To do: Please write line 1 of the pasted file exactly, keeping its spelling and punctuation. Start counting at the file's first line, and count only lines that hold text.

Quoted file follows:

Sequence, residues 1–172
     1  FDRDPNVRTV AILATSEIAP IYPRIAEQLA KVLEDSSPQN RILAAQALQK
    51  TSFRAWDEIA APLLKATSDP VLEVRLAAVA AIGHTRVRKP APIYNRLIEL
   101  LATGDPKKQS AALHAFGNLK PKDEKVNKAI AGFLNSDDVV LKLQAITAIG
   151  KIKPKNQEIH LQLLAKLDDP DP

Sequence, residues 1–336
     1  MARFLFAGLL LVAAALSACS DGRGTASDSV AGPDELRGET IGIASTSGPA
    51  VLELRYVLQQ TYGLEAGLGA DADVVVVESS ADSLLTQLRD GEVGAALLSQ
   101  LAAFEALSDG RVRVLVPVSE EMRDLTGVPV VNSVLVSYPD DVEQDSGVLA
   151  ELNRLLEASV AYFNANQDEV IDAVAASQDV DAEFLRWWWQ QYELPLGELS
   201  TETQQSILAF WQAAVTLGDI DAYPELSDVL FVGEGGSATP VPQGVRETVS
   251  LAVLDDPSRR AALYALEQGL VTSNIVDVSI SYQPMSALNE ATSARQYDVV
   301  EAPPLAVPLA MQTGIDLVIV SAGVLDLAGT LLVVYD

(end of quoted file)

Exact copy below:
Sequence, residues 1–172